Theatre Department prepares for “The Little Mermaid”

Even though Chapman High School’s production of “The Little Mermaid” won’t premiere until February, preparations are already underway for opening night. Rehearsals started last week, and according to Theatre Director Carrie Roberts, this year’s talented cast is ready to make a splash.

 “The cast members are perfect for their roles,” Roberts said. “We have a tremendous amount of talent in our cast, and I think this is going to be a fabulous moment for Sara Bryant and Brandon Nunez, who are seniors. I’m so excited for them to have their swan song.”

Bryant and Nunez will be starring as Ariel and Prince Eric, respectively. 

Bryant is not new to the spotlight, having been a member of Chapman theater since eighth grade. She starred as Lina Lamont in the spring production of “Singin’ in the Rain” and the Dragon in the 2020 production of “Shrek,” and she is thrilled to be a star this year as well.

“I am beyond excited,” Bryant said. “I cannot wait to start the process of building everything and it’s just really cool to see everything fall in place.” 

Roberts said that Bryant’s singing abilities are what make her perfect for the role.

“Ariel’s supposed to have the most beautiful voice in the world that the prince follows,” Roberts said. “Sara has an absolutely beautiful voice, (and) she has a lot of training.”

Nunez has participated in theater since his freshman year and performed in Chapman’s production of “Anything Goes.” According to Roberts, he also possesses incredible vocal talent and a little extra something that makes him an amazing Prince Eric. 

“Brandon has a beautiful voice, and he’s got that princely charm,” Roberts said.

Nunez himself is excited to have this role and is embracing the honor of playing the chivalrous prince.

I am extremely excited to be able to play Prince Eric,” Nunez said. “He is such a genuine and kind character, and being able to portray him is an honor.”

Sophomore Camren Klepper, who will be playing the part of Ursula, has been a part of Chapman Theater since sixth grade and starred as Truvy in “Steel Magnolias.” This is her first major role and she’s very excited to make the Sea Witch come to life.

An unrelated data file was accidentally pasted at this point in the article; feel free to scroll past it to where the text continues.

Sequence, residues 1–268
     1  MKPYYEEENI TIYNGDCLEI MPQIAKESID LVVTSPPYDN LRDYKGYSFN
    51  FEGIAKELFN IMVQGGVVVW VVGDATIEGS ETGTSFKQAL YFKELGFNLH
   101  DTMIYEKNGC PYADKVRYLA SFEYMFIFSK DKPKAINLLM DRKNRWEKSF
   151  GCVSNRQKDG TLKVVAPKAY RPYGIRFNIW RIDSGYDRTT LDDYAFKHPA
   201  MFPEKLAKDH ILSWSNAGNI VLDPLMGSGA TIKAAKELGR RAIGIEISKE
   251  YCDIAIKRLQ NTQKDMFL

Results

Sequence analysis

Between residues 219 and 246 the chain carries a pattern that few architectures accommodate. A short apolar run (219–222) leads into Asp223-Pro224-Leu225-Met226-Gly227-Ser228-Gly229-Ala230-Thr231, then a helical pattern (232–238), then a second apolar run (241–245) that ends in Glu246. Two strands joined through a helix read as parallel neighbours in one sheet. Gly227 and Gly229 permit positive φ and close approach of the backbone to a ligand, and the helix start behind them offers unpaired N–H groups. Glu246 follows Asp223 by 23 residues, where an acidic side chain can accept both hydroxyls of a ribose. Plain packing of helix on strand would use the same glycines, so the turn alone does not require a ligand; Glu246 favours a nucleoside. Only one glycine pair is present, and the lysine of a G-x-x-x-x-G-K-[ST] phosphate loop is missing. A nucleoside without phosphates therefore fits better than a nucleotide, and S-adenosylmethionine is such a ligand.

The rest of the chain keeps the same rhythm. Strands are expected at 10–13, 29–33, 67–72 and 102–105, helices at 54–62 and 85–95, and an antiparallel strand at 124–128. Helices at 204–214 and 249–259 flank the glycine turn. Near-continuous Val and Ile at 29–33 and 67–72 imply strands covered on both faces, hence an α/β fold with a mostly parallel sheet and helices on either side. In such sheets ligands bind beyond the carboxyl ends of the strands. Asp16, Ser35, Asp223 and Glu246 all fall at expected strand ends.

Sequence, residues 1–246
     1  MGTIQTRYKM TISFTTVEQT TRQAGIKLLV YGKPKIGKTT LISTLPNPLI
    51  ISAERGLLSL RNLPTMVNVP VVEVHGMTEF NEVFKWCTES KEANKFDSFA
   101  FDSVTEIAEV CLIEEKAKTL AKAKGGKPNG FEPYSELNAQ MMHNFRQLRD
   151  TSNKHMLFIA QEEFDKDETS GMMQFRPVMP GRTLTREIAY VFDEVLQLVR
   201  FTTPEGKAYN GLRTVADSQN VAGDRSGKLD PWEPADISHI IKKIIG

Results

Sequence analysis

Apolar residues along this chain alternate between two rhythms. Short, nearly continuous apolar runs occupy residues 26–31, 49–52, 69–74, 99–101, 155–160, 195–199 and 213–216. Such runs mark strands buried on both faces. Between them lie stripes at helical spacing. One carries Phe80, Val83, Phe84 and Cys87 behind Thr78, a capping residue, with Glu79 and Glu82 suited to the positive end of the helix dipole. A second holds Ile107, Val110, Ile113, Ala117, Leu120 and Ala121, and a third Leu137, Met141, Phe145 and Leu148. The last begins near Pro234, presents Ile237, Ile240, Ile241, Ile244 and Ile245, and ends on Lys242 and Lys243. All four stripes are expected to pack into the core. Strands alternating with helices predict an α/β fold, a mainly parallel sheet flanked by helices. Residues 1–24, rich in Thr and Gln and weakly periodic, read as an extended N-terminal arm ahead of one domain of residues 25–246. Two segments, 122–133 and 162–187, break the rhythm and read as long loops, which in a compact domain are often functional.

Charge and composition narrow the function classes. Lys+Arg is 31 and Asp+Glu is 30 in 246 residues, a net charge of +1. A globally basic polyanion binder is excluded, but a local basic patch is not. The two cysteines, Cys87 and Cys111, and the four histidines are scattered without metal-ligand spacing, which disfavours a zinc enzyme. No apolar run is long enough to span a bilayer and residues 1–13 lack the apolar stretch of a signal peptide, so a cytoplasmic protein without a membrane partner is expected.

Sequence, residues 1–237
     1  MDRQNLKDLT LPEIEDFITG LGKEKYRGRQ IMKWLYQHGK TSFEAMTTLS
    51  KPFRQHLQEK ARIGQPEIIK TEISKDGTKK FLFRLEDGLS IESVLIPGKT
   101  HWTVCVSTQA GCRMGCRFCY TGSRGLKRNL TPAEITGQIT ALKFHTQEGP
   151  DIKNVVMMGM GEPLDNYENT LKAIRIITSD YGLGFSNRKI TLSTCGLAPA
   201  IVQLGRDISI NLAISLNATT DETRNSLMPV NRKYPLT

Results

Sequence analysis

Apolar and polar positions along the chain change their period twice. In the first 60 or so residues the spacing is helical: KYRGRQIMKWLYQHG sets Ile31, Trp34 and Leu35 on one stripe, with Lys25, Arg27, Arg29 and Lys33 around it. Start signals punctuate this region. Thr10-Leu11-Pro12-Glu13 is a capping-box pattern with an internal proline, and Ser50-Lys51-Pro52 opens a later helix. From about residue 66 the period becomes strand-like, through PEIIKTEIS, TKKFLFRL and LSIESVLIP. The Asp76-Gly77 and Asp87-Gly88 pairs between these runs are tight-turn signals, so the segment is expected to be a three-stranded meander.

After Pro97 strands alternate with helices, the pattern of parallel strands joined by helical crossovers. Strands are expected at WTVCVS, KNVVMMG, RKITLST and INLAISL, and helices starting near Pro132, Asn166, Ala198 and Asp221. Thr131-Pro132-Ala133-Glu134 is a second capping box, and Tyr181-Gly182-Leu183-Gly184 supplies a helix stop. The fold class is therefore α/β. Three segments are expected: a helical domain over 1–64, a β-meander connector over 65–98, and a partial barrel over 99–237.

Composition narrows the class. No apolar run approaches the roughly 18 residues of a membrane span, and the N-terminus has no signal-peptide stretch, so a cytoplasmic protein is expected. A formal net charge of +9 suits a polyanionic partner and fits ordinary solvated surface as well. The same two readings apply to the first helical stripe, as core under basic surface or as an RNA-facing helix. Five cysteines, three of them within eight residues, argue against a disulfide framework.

“I’m super pumped for it because I worked really hard, and it’s nice to see all that hard work pay off,” Klepper said. “I’m just really looking forward to having a big, villainous, rambunctious character on stage.” 

Roberts is also confident that the young star will be able to pull off the part of Ursula.

“Ursula’s got to be greater than life,” Roberts said. “Camren can just play the diva; she’s not afraid of anything.”

Both Bryant and Klepper agree that having a starring role in a musical is quite different from a supporting role, but the differences are for the better.

“It’s actually a lot less work than some of the supporting roles because you’re only in some things, and you’re not needed all the time, so it’s a lot more independent,” Bryant said. “ I’m used to having five different costumes and studying five different songs and memorizing all these different things, and (now) I have one costume, one character, I don’t have to change much, I only memorize two songs, and they’re my own, which is a completely different experience.”

Nunez, on the other hand, points out the responsibilities that come with having a lead role.

Having one of the lead roles in a show definitely comes with a lot of responsibility,” Nunez said. “I am grateful to be able to play such a fantastic character, but in return, I must do my part and memorize my lines, rehearse my songs, and guide others in the play who are new to the rehearsal process, such as the younger kids.”

Even though the opening night is a long way off, a lot must happen before the show is ready: Lines must be memorized, sets must be built, songs and dances must be learned and costumes must be made. The process of performing a musical is a long journey but a rewarding one. 

“I love seeing where we go from being in a circle, doing a scene-through or a read-through, and no one really knowing the lyrics or the music or how we’re gonna move or dance or act, and where we go from that to our final night,” Roberts said. “The journey is always the most exciting part for me.”